Freegan Food Safety and Legality

Is dumpster diving legal?
Technically, yes [in the United States] dumpster diving is legal, for when a person throws something out they are showing that they no longer have a use for it personally, so that item is now public domain, according to a 1988 Supreme Court Ruling (California vs. Greenwood). However, if a dumpster is … inside a fenced enclosure that says No Trespassing, you can be arrested or ticketed by the police.

Is freegan food safe to eat?
‚ÄúI guess you could hurt yourself falling headfirst into an empty Dumpster. Strange as it sounds, most food that’s thrown out by stores is still safe to eat if you clean it and cook it appropriately.‚Äù
-Dr. Ruth Kava, American Council on Science and Health, asked if getting food from dumpsters is dangerous (as quoted in the NY Daily News, 2/13/06)

There’s no reason to assume that simply because a store has discarded food that it is unsafe to eat. Many stores bag all discarded items and don’t commingle food and nonfood items, so contamination from non-food sources may not be a concern. A bag filled with bread or fruit may be no more dangerous than the loaf of bread on our countertop or the fruit bowl at the center of our table. In cold temperatures, items bagged outside a store may be no worse off than those on its shelves. Meat, daily, fish, and eggs carry serious risks whether purchased in a store or recovered outside of it. These items require special care in all weather and should be properly handled and cooked thoroughly. In truth, a vegan harvesting plant-based items that have been discarded by stores is probably safer than a shopper who buys animal products, though a freegan who harvests meat items in cold weather and handles and cooks them appropriately may be no worse off than a meat buyer.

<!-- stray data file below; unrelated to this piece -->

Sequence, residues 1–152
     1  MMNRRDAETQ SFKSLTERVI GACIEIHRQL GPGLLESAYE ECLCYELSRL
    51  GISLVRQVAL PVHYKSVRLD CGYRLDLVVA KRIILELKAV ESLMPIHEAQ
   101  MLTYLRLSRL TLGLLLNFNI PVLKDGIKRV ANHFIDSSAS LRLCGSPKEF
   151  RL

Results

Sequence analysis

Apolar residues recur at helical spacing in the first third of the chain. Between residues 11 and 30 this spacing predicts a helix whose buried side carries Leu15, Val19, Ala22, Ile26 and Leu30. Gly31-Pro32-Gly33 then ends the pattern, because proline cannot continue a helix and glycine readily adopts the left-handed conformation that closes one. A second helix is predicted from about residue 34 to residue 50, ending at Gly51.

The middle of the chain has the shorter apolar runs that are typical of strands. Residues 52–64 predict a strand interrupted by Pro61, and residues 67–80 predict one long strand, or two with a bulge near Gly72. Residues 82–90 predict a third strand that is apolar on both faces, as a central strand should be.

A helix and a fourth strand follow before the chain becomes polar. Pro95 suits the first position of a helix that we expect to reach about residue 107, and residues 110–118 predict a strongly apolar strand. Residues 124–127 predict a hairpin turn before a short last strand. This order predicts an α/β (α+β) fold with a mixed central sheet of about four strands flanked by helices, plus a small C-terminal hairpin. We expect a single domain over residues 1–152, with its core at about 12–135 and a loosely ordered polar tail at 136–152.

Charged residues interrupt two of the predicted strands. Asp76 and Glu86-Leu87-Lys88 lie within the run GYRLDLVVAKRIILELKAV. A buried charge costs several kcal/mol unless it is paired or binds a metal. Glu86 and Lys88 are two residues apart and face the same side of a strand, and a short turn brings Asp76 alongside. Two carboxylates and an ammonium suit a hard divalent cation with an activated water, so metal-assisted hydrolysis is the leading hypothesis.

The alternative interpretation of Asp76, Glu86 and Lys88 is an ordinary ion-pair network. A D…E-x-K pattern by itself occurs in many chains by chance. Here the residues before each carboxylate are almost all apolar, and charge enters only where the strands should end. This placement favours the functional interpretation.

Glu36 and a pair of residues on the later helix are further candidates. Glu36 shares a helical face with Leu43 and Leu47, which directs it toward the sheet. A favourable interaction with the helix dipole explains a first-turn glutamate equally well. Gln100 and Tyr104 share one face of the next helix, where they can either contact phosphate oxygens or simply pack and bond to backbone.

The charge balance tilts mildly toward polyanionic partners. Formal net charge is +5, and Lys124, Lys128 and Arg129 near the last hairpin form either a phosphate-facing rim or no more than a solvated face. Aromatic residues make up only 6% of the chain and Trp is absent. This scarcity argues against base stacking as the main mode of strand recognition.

Dented Cans
It‚Äôs okay to eat the food from dented cans…as long as the dent isn‚Äôt sharp enough to have pierced the can or isn‚Äôt on the seams that run down the side or around the top and bottom. But if the contents of a can (dented or not) spray when the lid seal is broken by the can opener, the food may harbor Clostridium botulinum‚Äîa bacterium that secretes the neurotoxin that causes botulism, a frequently fatal disease. Wipe up the sprayed contents immediately with a paper towel. Note any code or batch number that‚Äôs on the can before (carefully) throwing it in the trash. Use a disinfectant cleaner on the counter top and use a paper towel to wipe it up. Then report the incident to the manufacturer and to your local Health Department.
Source: Center for Science in the Public Interest,

Sell-By Dates
Product dating is not required by federal regulations and varies by state to state. “Sell by” or “use by” dates are NOT safety dates. They tend to denote either how long a product can remain on store shelves or when they are recommended to be eaten for best flavor or quality. Properly stored, unopened packaged foods can typically be eaten safely for days after these dates have passed.
Source: Freegan Food Safety Tips by Dr. Michael Greger, MD,